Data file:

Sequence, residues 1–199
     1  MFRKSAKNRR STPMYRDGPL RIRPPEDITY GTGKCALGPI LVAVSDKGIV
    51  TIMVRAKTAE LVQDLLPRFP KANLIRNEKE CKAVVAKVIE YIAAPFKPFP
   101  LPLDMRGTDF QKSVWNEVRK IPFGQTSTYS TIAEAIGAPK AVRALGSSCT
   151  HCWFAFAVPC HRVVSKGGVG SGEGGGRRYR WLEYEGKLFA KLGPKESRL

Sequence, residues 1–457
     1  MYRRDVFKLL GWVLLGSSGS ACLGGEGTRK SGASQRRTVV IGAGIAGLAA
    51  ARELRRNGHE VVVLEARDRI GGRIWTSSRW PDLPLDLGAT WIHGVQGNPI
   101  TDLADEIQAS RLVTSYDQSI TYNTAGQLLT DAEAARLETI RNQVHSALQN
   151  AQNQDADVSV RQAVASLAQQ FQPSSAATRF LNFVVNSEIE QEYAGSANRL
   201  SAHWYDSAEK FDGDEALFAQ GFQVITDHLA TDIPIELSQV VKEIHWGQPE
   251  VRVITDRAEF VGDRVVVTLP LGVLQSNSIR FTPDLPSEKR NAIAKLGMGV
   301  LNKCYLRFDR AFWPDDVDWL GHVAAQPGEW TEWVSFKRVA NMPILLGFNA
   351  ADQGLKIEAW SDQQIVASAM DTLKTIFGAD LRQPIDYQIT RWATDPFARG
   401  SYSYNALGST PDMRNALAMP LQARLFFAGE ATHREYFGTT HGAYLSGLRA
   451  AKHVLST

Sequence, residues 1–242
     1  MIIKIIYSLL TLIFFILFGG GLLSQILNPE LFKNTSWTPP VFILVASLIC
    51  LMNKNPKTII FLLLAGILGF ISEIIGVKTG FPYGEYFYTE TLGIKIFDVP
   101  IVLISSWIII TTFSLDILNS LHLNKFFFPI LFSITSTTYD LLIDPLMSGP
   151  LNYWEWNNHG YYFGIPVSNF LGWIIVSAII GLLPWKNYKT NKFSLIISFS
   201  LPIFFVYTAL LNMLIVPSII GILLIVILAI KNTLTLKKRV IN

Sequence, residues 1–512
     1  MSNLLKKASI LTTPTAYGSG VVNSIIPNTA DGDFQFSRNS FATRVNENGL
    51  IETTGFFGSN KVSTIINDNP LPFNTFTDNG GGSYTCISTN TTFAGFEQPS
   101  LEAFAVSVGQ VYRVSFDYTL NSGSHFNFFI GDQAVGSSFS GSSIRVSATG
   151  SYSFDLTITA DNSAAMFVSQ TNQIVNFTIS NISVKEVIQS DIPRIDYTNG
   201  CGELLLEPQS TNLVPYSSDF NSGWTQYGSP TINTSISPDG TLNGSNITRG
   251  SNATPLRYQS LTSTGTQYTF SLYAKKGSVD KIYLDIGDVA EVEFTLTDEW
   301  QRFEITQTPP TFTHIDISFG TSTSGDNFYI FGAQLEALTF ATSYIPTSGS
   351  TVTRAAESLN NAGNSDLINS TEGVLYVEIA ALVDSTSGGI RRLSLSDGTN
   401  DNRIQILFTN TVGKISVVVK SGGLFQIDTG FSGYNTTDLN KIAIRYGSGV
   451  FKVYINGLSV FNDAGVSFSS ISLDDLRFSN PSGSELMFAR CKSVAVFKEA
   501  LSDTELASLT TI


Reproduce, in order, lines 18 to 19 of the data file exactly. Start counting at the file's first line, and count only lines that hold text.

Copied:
     1  MIIKIIYSLL TLIFFILFGG GLLSQILNPE LFKNTSWTPP VFILVASLIC
    51  LMNKNPKTII FLLLAGILGF ISEIIGVKTG FPYGEYFYTE TLGIKIFDVP